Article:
Originally Ariel and I were talking about just skipping ahead to the batshit insane Sweet Valley High novels (and there are some choice ones, let me just say!). I imagine we’ll be coming back to those eventually, all out of order and with a complete lack of respect to continuity. But we could not resist the ten years later sequel with the Wakefield twins as adults, which even the fans hate. That’s our friggin’ bread and butter!
Chapter 2: Sweet Valley
Jessica’s been trying desperately to get in touch with Elizabeth! Also, don’t forget that this book takes place in the 2000s now.
“It’s hopeless. She’s never going to answer.”
“What about Facebook?”
“She ignores me. She’ll never let me be a friend.”
Somehow that’s so much sadder than the book probably means it to be.
But wait, who is this mysterious person that Jessica is talking to?
“She’s never going to answer you, either, is she?”
Todd shook his head. “I don’t know.”
TODD, AS IN ELIZABETH’S HIGH SCHOOL BOYFRIEND TODD?
Oh shit! How did this happen? Let’s start diving into this mystery! What’s happened to Todd in the last decade?
Yes, he was the same boy, yet in many other important ways he was quite different.
…ok, I’m just gonna summarize this section, if that’s cool with all of you.
We learn that Todd, the former high school football team’s quarterback, is now a sports writer beginning to get “regularly picked up on the wire and sometimes [run] in up to ten other papers”, because I guess this book takes place in a version of the 2000s where the newspaper industry isn’t collapsing. We also learn that Todd is considering leaving Sweet Valley, but Jessica “isn’t ready yet”, even though “everyone hates us [and] we have no best friends anymore”. But also they they know that what they did “was a terrible betrayal”, and that it’s been eight months since Elizabeth last spoke to them.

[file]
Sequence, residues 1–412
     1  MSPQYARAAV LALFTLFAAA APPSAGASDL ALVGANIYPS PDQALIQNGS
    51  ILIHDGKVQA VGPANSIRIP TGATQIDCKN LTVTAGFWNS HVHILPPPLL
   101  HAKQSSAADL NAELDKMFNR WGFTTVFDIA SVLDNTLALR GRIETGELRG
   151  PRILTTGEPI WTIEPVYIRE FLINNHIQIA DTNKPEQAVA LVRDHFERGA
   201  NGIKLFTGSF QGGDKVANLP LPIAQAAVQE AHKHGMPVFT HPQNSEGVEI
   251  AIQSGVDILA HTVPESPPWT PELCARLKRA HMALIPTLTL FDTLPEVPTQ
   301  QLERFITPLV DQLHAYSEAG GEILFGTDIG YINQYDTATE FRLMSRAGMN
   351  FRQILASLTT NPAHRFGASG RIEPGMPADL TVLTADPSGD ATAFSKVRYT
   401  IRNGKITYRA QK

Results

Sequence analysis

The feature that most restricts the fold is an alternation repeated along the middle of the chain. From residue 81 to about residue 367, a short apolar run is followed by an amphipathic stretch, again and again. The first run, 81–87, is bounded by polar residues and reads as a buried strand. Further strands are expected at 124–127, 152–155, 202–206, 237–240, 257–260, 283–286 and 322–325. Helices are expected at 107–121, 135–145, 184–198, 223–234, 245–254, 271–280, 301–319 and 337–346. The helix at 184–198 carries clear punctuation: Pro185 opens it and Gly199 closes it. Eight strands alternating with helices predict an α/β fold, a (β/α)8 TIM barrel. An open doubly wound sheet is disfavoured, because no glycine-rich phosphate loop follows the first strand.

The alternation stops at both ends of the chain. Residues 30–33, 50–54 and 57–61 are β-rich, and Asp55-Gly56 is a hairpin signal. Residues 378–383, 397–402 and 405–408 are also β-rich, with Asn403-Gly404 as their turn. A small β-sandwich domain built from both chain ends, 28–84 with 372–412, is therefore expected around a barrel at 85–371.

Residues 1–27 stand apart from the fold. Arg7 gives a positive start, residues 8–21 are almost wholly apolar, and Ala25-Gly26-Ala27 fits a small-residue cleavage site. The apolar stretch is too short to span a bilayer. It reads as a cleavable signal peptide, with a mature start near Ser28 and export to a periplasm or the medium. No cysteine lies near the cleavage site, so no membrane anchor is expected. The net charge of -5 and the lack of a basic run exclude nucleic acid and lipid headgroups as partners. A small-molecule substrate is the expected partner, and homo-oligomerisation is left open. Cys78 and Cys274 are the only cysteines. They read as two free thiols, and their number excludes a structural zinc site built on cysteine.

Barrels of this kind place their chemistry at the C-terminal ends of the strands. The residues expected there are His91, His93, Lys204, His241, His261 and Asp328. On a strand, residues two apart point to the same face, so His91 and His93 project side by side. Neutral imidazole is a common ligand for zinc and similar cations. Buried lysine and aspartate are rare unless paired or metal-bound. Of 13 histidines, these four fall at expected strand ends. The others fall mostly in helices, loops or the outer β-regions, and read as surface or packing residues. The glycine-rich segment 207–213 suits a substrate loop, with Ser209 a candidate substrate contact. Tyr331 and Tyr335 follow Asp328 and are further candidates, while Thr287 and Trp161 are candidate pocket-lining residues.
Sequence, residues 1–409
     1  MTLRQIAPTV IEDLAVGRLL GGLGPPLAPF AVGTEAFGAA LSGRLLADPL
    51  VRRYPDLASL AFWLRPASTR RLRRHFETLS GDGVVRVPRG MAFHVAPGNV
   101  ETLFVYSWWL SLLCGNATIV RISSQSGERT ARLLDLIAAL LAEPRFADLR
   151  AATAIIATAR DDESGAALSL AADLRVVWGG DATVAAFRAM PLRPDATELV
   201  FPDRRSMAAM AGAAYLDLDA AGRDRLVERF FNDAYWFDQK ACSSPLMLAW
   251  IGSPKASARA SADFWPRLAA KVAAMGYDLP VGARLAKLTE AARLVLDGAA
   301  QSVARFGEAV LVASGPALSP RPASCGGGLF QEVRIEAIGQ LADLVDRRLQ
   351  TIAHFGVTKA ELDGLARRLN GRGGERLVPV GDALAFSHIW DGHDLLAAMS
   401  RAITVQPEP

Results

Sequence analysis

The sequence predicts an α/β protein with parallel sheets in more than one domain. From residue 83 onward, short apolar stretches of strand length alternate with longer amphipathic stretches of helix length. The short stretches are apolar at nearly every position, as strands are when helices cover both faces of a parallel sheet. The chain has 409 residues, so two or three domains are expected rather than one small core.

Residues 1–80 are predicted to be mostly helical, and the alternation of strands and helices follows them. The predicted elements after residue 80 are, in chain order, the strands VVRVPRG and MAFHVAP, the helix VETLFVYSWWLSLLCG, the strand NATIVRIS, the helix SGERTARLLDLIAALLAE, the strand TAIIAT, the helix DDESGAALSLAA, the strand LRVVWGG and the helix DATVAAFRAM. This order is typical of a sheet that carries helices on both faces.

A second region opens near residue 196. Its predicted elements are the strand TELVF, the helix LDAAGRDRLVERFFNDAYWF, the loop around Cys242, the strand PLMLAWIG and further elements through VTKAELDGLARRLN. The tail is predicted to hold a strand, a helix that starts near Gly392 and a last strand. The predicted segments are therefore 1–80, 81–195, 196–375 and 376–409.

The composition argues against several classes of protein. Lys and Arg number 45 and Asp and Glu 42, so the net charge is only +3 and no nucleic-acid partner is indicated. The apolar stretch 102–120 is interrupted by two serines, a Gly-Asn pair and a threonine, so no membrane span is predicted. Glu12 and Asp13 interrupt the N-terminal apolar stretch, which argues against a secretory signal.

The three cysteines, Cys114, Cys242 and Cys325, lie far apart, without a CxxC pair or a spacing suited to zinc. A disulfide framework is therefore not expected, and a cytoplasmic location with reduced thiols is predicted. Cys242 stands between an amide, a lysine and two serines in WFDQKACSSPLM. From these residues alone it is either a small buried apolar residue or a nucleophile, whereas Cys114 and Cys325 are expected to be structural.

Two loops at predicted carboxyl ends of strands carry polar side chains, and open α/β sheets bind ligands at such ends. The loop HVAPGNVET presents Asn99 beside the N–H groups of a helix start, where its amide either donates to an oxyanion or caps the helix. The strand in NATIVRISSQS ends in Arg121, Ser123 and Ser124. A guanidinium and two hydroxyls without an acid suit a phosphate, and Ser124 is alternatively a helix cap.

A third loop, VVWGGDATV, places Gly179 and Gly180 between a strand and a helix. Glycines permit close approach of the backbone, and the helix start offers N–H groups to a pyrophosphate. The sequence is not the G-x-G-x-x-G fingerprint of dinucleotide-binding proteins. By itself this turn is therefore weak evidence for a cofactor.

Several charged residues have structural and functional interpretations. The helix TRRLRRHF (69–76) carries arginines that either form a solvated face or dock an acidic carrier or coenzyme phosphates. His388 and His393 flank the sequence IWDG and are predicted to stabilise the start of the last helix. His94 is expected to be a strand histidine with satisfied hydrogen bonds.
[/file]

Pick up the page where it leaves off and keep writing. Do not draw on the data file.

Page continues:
Also, Sweet Valley Confidential is still summarizing the first Sweet Valley High book for some reason.
When [Todd] thought Elizabeth had gone out with bad boy Rick Andover, he asked Jessica [to the dance] instead. He remembered thinking, Well, they are identical twins…
But he soon realized his mistake.
So this is a pretty good time to point something out. The writing in this book is really bad. You might have already picked up on this, but seriously. It’s somehow both incredibly overwritten and underwritten, so there’s a lot of prose, and a lot of it doesn’t even manage to say anything.
the idea that a stranger, a girl at that, would become part of his life was probably the most exciting thing that had ever happened to him.
What does that even mean? As opposed to what? Strangers becoming part of your life is what life is. And I don’t mean that in a zen “a stranger is just a friend you haven’t met yet” way. I mean the way this is worded, the only way Todd’s revelation (?) isn’t applicable is if you know literally zero people.
We then receive our most explicit revelation yet about what’s happened between Elizabeth and Jessica thus far:
“Elizabeth’s going to find someone she really loves the way I love you, and then she’ll know she and I weren’t right together.”
“And then she’ll say, ‘So really Jessica helped me by sleeping with the man I thought I loved but didn’t. How lucky I am to have such a wonderful sister.’”
OH MY GOODNESS! After a dramatic twist like that, I guess it’s time for… wait, more summary of the first fucking Sweet Valley High novel?